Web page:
When we are busy pursuing godly goals there is no time for anxiety, regret, or disappointment. Instead of becoming desperate for worldly happiness we become desperate to follow Christ, and joy is our reward. Our minds are set on Heaven, where our citizenship lies and from where our Savior will return to transform these weak bodies into something like His glorious one (Phil. 3:20-21). Such a pursuit can only produce joy.


The impulse to pray when we are in trouble is almost automatic. Even the non-Christian cries out to God for help in his most desperate moments. But prayer is more than an appeal for deliverance; it is more than a toll-free order system by which we obtain circumstances that make us happy.

As we make our appeal to God, we often feel it is our “right” to grumble and worry until He delivers us. Not so, according to Paul. “Do not be anxious about anything, but in everything, by prayer and petition, with thanksgiving, present your requests to God” (Phil. 4:6). It is our privilege to be free of anxiety, to “rejoice in the Lord always” (Phil. 4:4).

The alternative to anxiety is prayer. Joy does not wait on the answer to prayer, but grows through prayer itself. To continue worrying is a breach of faith. Further-more, it is a denial and a resistance of the Spirit’s work within us. For Paul makes a promise after the injunction to pray: “And the peace of God, which transcends all understanding, will guard your hearts and your minds in Christ Jesus” (Phil. 4:7).

A friend described to me how intensely he had been praying over his friend’s sickness. Since he thought of little else, his mind would lead into prayer over and over again. He wondered if he might be wearing God out. In truth, he wore himself out. He made an appeal for God to accept his request, but did not accept God’s promised peace. When he realized this and opened himself to God’s guarding peace, he found “the most refreshing relief I’ve ever known.”


Paul writes:

“Finally, brothers, whatever is true, whatever is honorable, whatever is right, whatever is pure, whatever is lovely, whatever is admirable – if anything is excellent or praiseworthy – think about such things. Whatever you have learned or received or heard from me, or seen in me – put it into practice. And the God of peace will be with you” (Phil. 4:8-9).

Tragedies and difficult circumstances have a way of cutting off our fresh air. We become so engrossed in the painful moment that we see, hear, think, and feel little else. We begin choking on stale, cloudy thoughts. But Paul points out that we can choose what to think about – we can focus on gloom and doom, or on promises and praise. We can engage ourselves in self-pity, or in love for others. The joyful person brings feel­ings under control by concentrating on joyful thoughts.

If you are an analytical person like me, you tend to think through problems and decisions thoroughly – sometimes too thoroughly. Rehearsing all the options and tangents and possible disasters can preoccupy our thoughts. Sometimes we need to simply back off and leave every­thing in God’s hands. Dwelling on the negative and sulking in self-pity can do nothing but make us feel and behave as we think. By substituting pure thoughts we occupy our minds with more healthy pursuits.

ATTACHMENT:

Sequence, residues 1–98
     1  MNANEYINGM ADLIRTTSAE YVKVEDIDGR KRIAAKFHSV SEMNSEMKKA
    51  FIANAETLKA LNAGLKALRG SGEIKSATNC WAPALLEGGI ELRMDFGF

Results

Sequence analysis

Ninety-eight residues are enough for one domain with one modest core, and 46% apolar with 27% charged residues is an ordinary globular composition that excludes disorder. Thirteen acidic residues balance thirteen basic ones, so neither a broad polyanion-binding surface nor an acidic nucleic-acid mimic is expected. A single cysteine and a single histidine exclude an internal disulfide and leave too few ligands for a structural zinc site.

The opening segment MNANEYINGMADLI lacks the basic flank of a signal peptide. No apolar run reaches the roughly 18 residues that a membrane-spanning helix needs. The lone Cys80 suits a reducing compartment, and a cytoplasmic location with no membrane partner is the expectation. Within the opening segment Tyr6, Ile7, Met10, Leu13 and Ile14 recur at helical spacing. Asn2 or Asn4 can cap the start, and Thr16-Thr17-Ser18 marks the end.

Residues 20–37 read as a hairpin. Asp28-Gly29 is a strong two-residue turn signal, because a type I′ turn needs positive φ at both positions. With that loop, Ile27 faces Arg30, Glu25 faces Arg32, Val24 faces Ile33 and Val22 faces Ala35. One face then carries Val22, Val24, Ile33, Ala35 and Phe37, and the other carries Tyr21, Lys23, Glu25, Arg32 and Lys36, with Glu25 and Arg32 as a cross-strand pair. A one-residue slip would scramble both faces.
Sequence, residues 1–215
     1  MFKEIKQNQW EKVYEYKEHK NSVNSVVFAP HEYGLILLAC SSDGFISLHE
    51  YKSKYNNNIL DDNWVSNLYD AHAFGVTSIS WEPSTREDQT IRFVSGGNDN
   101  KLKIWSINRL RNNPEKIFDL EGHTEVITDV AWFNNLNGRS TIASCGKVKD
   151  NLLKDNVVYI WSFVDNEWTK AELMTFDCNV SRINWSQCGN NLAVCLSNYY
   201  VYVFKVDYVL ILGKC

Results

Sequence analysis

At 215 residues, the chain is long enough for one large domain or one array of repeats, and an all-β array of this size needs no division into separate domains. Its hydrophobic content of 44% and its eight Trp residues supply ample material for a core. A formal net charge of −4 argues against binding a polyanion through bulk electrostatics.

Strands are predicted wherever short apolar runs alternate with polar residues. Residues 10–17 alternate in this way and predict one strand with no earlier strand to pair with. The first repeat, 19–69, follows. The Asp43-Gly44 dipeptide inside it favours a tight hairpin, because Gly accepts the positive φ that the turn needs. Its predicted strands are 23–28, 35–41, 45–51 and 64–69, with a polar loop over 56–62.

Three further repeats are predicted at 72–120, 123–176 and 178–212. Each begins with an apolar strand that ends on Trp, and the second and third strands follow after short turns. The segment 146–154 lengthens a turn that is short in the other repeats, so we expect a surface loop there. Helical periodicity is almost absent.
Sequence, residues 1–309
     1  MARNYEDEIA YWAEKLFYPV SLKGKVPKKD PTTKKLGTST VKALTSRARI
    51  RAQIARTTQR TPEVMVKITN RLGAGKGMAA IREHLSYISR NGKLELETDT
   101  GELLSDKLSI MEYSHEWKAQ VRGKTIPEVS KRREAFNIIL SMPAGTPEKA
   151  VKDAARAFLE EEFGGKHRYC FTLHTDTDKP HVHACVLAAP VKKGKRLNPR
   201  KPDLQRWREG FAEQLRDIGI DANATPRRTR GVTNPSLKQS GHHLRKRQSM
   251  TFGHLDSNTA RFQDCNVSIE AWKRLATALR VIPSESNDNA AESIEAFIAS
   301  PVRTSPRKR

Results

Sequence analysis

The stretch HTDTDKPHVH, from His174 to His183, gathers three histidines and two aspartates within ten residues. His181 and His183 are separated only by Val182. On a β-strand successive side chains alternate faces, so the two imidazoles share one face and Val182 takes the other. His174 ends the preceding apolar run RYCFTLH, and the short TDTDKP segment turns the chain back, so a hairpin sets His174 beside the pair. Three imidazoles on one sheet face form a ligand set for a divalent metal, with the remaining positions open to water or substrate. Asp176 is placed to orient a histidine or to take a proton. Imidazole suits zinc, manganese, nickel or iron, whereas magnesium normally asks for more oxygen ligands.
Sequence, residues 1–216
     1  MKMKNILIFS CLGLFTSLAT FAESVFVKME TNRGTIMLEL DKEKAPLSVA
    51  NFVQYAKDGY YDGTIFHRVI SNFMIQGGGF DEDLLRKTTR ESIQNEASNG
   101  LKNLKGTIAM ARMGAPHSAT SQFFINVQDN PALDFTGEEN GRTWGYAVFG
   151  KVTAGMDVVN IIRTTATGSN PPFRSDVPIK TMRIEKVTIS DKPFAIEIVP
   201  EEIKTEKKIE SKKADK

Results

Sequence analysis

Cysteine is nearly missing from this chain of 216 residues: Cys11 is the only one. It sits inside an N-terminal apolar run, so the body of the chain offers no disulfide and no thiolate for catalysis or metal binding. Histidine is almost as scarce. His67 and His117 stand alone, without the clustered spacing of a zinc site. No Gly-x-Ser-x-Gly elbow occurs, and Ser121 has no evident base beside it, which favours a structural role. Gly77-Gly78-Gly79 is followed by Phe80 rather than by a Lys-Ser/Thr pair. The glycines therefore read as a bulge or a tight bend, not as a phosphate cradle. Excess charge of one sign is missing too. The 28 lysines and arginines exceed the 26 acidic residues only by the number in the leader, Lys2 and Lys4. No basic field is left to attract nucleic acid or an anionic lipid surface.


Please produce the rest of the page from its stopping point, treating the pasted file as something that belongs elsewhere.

Once while I was in college I caught the mid-semester blues and sloshed my way into a rut of joyless self-pity. One night my wife and I attended a banquet, and afterward I lingered to assist in the cleanup. At home I fell into a chair, exhausted. But inside I felt renewed. God’s joy had returned – the joy of serv­ice. Focusing my thoughts on service raised me out of the self-centered rut. How were my thoughts redirected? By action. Again and again since that day service has renewed my joy.

Thoughts are not easily rearranged or disposed of. The moment you decide not to think about something, it becomes fixed in your mind like concrete. We can easily sort priorities in our minds, but bringing them to fruition is another story. Thoughts are best disciplined by action. Continuing in godly deeds helps us to maintain godly thoughts.


Paul learned to be content in any situation (Phil. 4:11), and certainly he often found himself in joyless circumstances (2 Cor. 11:23 – 12:10). When we worry over the things we don’t have instead of finding contentment in what we do have, joy shrivels and dies.

Jesus encouraged us to get busy with the present, and let tomorrow take care of itself. For “each day has enough trouble of its own” (Matt. 6:34). It is enough to handle what we have without asking for more. Contentment is never found in amount, but in attitude.

A tourist observed Mexican women washing their clothes in a place where hot and cold springs bubbled side by side. They boiled their garments in the hot springs and rinsed them in the cold. The tourist remarked to his guide, “I suppose the people think their God is generous to them.”

“No, señor,” the guide replied, “just the opposite. There is grumbling because He does not supply soap.”

Dissatisfaction breeds anxiety and frustration. Contentment fosters joy. Discontent blackens everything around it. Contentment transforms turbulence into peace. And while discontent seems to occur naturally, contentment is grown through small, painful steps of cultivation. You don’t just decide to be content, you learn contentment.

How is contentment learned? By exercising self-discipline and self-control – products of the Holy Spirit (Gal. 5:22-23). Maintaining grateful hearts, focusing on future hope, and all the other steps to joy will produce contentment in us as well. Above all, contentment is learned by seeking first the Kingdom of God (Matt. 6:33) instead of seeking the things of this world.

Sadness is a necessary human reaction to suffering or loss. Jesus reflected sadness, even grief (Jn. 11:35). Trouble begins only when sadness or grief takes control of our lives, depriving us of God’s peace and joy. Our gaze shifts inward to answer a desire for compassion. Preoccupied with self-pity, we voluntarily enslave ourselves.

Paul suggested and modeled an alternative we can have by choice: joy.

Mark ReedDiscipleship Journal